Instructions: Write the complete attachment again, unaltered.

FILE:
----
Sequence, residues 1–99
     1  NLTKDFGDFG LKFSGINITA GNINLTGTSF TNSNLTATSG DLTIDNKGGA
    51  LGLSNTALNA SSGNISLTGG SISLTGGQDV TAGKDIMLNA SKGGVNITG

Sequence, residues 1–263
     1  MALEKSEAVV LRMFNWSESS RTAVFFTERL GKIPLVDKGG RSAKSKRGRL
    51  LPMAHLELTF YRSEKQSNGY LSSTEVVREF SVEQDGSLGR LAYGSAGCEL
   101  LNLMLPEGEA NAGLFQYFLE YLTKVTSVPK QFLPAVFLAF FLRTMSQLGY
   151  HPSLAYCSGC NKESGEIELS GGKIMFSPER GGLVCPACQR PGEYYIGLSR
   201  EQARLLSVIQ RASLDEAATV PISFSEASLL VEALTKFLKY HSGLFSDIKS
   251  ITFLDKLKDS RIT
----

Sequence, residues 1–99
     1  NLTKDFGDFG LKFSGINITA GNINLTGTSF TNSNLTATSG DLTIDNKGGA
    51  LGLSNTALNA SSGNISLTGG SISLTGGQDV TAGKDIMLNA SKGGVNITG

Sequence, residues 1–263
     1  MALEKSEAVV LRMFNWSESS RTAVFFTERL GKIPLVDKGG RSAKSKRGRL
    51  LPMAHLELTF YRSEKQSNGY LSSTEVVREF SVEQDGSLGR LAYGSAGCEL
   101  LNLMLPEGEA NAGLFQYFLE YLTKVTSVPK QFLPAVFLAF FLRTMSQLGY
   151  HPSLAYCSGC NKESGEIELS GGKIMFSPER GGLVCPACQR PGEYYIGLSR
   201  EQARLLSVIQ RASLDEAATV PISFSEASLL VEALTKFLKY HSGLFSDIKS
   251  ITFLDKLKDS RIT